STRESS ON THE WRONG SYLLABLE
STRESS ON THE WRONG WORD
Just like placing the stress on the wrong syllable within a word, placing the stress in the wrong place in a sentence can also lead to confusion or the speaker’s inability to convey exactly what they mean. Here's a great example:
I didn’t say you could come here = Someone else said you could
I didn’t say you could come here = I am denying saying it
I didn’t say you could come here = I implied it/whispered it/wrote it down
I didn’t say you could come here = I said someone else could
I didn’t say you could come here = I said you want to
I didn’t say you could come here = I said you could arrive here
I didn’t say you could come here = I said you could go somewhere else
So there you can see how the sentence completely changes depending on which word is stressed.
NO RISING PITCH
This is one intonation I hear often from Spanish students in yes and no questions where there is a rising pitch towards the end. And on the other side of it, lots of students end their sentences flat so they don’t sound like questions at all, they sound like statements. It seems though that students often have more trouble imitating the rising more than the falling intonation.
USING THE WRONG PITCH
More often than not a student will use the wrong pitch to convey feelings. A single word like really can express completely different feelings: “Really” said with a falling intonation expresses disbelief, while “Really?” with a rising pitch expresses surprise.
Obviously, the correct use of intonation is necessary in order to get a message across and to ensure your speech is natural sounding. But, how can we teach this? Instead of giving a student an explanation regarding theory or linguistics, show them how to place stress to convey meaning. Exaggerate surprise or looks of disbelief so students get the full effect of the intonation. Be sure to contrast the difference when placing stress on different words in a sentence:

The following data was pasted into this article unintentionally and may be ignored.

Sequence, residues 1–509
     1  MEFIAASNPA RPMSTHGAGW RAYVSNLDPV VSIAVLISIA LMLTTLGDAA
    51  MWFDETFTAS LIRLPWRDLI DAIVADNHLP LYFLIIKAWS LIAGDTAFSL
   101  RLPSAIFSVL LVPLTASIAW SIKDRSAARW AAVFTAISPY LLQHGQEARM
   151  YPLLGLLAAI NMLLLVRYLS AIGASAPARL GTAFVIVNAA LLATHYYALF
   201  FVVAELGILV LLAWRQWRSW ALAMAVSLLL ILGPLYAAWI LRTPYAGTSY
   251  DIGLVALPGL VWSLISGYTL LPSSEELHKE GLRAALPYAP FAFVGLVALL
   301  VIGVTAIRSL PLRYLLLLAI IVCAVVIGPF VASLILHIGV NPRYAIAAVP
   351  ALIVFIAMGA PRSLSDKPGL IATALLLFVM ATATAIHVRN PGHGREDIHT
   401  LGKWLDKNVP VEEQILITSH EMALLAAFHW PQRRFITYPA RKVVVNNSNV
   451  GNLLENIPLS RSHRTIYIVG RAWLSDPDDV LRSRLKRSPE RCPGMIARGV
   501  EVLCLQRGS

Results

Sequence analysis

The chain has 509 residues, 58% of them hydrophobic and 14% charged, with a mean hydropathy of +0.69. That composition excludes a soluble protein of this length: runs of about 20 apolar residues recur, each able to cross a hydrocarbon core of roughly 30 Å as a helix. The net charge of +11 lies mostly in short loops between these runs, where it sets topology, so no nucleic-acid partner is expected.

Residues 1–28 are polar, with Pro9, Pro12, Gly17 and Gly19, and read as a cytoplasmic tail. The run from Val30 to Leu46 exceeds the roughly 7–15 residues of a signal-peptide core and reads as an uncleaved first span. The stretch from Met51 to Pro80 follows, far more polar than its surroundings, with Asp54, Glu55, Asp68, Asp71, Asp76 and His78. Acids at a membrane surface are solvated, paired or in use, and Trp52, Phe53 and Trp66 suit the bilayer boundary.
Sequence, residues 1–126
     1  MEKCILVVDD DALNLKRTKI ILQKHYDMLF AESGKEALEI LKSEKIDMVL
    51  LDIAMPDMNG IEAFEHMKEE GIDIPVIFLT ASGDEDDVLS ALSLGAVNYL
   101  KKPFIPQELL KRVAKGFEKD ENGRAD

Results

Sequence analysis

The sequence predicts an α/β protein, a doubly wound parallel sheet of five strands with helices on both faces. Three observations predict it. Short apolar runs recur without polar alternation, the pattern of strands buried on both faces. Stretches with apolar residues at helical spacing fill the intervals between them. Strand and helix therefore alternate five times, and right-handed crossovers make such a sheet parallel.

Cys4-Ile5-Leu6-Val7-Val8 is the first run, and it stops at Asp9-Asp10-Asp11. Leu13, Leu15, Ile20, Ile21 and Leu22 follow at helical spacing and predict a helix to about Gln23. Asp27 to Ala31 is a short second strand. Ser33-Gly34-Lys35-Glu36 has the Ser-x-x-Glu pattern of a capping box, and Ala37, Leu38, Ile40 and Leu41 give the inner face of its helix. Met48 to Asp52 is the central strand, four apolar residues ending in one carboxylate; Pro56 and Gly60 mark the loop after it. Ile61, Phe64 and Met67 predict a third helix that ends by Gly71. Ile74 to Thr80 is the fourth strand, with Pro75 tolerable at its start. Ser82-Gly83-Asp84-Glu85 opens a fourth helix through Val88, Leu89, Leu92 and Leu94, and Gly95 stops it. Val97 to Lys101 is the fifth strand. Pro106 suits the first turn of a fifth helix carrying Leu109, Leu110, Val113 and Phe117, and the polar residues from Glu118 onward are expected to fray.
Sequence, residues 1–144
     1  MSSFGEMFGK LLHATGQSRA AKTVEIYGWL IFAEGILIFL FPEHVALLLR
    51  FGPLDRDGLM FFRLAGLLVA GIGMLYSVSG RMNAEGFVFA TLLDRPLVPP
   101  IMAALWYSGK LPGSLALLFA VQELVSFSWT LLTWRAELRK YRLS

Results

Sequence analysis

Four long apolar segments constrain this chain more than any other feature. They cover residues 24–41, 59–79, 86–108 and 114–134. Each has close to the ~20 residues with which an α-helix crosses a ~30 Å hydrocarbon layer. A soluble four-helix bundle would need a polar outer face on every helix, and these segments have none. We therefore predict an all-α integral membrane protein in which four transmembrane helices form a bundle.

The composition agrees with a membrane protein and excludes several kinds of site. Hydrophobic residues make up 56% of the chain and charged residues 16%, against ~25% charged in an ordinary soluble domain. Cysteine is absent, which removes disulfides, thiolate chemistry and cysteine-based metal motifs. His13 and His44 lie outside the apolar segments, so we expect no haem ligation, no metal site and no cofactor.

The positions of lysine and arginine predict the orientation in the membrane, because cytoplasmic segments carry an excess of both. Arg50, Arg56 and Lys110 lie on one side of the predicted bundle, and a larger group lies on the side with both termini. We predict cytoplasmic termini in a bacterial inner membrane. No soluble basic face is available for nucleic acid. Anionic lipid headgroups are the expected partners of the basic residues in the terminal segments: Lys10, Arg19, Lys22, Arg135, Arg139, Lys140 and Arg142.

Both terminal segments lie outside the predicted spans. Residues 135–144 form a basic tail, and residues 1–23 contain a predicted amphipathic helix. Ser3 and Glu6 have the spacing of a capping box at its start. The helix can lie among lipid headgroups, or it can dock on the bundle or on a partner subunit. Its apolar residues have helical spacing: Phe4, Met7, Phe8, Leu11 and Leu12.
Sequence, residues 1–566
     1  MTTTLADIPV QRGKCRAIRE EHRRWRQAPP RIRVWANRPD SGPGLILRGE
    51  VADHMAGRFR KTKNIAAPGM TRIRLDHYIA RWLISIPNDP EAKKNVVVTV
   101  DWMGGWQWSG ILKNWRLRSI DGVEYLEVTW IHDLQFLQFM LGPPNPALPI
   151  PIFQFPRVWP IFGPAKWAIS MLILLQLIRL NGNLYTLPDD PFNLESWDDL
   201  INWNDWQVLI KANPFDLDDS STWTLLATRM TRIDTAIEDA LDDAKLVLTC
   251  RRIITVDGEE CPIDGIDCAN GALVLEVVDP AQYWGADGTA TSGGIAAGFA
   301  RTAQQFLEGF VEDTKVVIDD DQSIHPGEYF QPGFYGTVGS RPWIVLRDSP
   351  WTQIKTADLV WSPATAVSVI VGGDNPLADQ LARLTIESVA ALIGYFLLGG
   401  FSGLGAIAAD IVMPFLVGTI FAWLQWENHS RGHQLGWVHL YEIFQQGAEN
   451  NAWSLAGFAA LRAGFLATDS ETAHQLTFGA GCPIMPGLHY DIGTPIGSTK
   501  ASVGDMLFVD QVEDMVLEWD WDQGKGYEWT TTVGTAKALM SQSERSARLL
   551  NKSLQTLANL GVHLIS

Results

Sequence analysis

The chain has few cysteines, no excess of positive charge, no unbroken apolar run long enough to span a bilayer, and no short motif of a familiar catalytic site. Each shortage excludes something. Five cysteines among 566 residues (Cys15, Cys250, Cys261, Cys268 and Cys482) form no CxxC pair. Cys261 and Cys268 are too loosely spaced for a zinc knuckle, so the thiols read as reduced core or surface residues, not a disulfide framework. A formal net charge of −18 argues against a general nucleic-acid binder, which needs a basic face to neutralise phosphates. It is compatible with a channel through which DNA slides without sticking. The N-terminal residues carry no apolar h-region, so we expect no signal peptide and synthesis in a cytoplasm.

I want to learn English (meaning, they’re not being forced to learn English) vs. I want to learn English (meaning, they want to learn English as opposed to another language). Try it out on your students and get them to tell you the difference in meaning.
You could also go over some basic rules of word stress. For example, when the same word can be both a noun and a verb (rebel, insult, suspect), explain that the first syllable is stressed in the noun and the second syllable is stressed in the verb. You could even mark the stress the way dictionaries do (/hoʊˈtɛl/ for hotel), use bigger or smaller circles or Cuisenaire rods (ho-tél) as they can be useful to show where the stress goes in a sentence.
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